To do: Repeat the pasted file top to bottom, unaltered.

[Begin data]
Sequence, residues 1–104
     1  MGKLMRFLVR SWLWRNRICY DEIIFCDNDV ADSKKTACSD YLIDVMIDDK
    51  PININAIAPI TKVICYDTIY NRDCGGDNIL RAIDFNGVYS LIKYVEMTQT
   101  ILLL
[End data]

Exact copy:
Sequence, residues 1–104
     1  MGKLMRFLVR SWLWRNRICY DEIIFCDNDV ADSKKTACSD YLIDVMIDDK
    51  PININAIAPI TKVICYDTIY NRDCGGDNIL RAIDFNGVYS LIKYVEMTQT
   101  ILLL